Daily ESG Briefing: Vigeo Eiris and Trucost launch services for EU Taxonomy screening

The latest developments in sustainable finance

Vigeo Eiris has opened a consultation on its Taxonomy Alignment Screening tool, just days after Trucost launched a product to screen companies against the EU Taxonomy. Vigeo, which is owned by Moody’s, says its product allows investors to see how companies contribute to the taxonomy’s environmental objectives, as well as how they comply with the other two pillars of the framework: Do No Significant Harm and Minimum Social Safeguards. A beta version is available to view upon request, it said, and comments are welcomed until November 1. Trucost, which is now owned by S&P, has officially launched its taxonomy-related dataset, covering 15,000 companies. Its data claims to measure the proportion of each firms’ revenues that come from business activities under the current Taxonomy. FTSE Russell issued details last month of how its Green Revenues Classification System aligned with the EU Taxonomy. 

The Principles for Responsible Banking is inviting NGOs and others to apply to join a new Civil Society Advisory Body to advise its signatories on implementing the Principles. Applications are open until mid-December. 

Trust in how companies communicate their sustainability performance has increased to a record 51% this year, but there are significant variations between countries, according to a public opinion poll by the Global Reporting Initiative. The research covered 27 markets, with the highest level of trust being in Asia; European and North American countries generally indicated lower levels.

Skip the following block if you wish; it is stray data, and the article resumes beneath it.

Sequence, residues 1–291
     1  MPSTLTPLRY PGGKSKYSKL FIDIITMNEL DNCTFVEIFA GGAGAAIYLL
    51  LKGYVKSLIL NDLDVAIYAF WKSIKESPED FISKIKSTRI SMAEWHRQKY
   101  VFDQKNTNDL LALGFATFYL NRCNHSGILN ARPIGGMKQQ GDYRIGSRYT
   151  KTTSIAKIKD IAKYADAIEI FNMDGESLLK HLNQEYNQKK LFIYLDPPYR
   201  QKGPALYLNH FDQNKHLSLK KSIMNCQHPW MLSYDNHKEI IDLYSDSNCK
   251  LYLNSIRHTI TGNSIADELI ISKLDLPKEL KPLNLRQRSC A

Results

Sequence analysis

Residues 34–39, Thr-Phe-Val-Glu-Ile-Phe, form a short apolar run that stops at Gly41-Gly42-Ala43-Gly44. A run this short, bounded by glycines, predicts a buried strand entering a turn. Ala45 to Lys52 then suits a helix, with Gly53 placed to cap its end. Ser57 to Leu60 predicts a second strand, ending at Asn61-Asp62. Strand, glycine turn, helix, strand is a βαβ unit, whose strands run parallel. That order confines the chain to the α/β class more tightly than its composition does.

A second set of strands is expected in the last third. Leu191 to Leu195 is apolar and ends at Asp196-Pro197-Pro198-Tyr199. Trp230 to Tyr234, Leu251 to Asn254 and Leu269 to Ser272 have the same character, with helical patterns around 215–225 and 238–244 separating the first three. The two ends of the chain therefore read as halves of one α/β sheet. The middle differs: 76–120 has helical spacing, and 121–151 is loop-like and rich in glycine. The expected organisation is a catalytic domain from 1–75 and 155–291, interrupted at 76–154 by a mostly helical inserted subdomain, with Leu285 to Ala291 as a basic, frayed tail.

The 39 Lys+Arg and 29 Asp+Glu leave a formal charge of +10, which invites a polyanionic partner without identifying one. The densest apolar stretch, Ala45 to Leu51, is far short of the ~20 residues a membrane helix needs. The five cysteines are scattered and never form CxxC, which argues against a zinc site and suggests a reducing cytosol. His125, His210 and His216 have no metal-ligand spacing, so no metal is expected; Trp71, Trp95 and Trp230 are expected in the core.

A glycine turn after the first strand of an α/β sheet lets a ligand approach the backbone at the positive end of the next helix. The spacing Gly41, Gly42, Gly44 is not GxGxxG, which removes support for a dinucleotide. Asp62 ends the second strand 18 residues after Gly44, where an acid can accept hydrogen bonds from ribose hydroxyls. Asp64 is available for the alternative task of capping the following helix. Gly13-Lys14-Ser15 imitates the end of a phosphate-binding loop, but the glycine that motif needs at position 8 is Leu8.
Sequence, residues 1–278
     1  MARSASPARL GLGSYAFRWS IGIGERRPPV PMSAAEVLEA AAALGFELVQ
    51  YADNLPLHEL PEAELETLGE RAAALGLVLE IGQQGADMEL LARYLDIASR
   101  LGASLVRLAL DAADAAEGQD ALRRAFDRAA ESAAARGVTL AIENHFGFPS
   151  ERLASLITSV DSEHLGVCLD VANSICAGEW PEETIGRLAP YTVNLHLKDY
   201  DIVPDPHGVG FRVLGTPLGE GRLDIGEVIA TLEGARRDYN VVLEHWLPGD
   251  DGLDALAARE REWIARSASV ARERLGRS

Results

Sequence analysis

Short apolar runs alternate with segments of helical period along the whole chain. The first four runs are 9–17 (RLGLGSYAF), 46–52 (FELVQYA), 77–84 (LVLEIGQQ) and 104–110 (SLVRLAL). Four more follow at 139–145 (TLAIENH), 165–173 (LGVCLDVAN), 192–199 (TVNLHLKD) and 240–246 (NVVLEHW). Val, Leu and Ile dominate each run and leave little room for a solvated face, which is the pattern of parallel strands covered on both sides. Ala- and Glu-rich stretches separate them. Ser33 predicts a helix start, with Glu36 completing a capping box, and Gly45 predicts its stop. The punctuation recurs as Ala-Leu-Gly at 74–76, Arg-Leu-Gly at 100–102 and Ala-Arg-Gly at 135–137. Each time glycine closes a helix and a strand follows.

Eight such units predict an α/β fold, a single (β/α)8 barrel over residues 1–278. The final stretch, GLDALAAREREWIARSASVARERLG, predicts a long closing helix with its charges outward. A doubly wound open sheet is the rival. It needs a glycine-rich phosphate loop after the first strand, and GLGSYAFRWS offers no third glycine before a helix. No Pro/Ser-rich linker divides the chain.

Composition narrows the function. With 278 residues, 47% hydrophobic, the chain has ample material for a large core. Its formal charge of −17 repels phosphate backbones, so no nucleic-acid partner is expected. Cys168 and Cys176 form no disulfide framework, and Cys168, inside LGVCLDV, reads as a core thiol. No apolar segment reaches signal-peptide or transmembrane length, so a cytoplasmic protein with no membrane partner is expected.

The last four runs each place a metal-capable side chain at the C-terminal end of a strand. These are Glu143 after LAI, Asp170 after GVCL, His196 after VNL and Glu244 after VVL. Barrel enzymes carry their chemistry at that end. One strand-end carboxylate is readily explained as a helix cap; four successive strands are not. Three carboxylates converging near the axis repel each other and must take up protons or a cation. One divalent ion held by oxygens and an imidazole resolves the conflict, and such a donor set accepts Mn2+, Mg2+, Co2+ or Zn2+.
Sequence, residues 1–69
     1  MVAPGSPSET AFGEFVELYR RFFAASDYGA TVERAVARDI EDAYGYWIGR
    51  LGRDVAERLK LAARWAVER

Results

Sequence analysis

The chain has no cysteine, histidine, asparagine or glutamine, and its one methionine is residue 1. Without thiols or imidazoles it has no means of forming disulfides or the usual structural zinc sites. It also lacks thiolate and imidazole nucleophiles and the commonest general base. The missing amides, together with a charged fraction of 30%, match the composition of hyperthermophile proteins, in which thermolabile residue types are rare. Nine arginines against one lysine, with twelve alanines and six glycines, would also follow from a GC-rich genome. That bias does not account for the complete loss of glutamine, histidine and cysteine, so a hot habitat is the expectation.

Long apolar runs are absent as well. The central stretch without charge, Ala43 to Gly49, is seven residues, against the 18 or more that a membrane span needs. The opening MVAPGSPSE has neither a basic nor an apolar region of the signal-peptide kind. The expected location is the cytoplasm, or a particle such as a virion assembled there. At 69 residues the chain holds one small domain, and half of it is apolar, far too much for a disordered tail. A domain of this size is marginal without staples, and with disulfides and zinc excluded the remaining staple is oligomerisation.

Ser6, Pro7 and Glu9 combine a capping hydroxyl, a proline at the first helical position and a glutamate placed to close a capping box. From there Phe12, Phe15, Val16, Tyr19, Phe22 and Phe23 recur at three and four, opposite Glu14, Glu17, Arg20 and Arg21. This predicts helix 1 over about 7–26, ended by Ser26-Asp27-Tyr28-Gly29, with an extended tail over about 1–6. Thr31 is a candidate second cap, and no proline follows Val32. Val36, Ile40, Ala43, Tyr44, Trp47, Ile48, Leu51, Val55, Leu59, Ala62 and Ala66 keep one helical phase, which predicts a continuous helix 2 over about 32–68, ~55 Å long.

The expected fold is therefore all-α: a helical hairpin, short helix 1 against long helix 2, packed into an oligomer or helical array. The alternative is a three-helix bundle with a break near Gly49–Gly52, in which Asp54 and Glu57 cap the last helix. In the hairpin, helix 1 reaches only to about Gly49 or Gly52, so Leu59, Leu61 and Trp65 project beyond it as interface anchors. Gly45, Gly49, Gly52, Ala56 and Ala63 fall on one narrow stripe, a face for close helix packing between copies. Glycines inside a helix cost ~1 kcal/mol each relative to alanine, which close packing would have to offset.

Large asset owners, typically government-owned pension funds, sovereign wealth funds, and insurers, are still leading the way in incorporating ESG investing in Asia, according to Cerulli’s research. In, The Cerulli Edge―Asia-Pacific Edition, 4Q 2020 Issue, the research and consulting firm found that 48% of asset owners have built ESG teams, while almost three-quarters of them look for external managers’ expertise to acquire knowledge. 

Procter & Gamble is facing mounting pressure from shareholders to provide information on diversity, including goals, metrics and trends, following a 37% vote supporting a resolution on the topic by US advocacy group As You Sow. As You Sow said the consumer goods giant contrasted with other target firms such as Gilead, JPMorgan Chase, Mastercard, MetLife, Morgan Stanley and Oracle, which all agreed to meaningful increases in their diversity reporting.

Heitman will reduce its private equity portfolio’s operational carbon emissions under its control to net zero by the year 2030. The real estate investment management firm’s commitment aligns with Urban Land Institute’s Greenprint Center for Building Performance goal to reduce operational carbon emissions to net zero by the year 2050.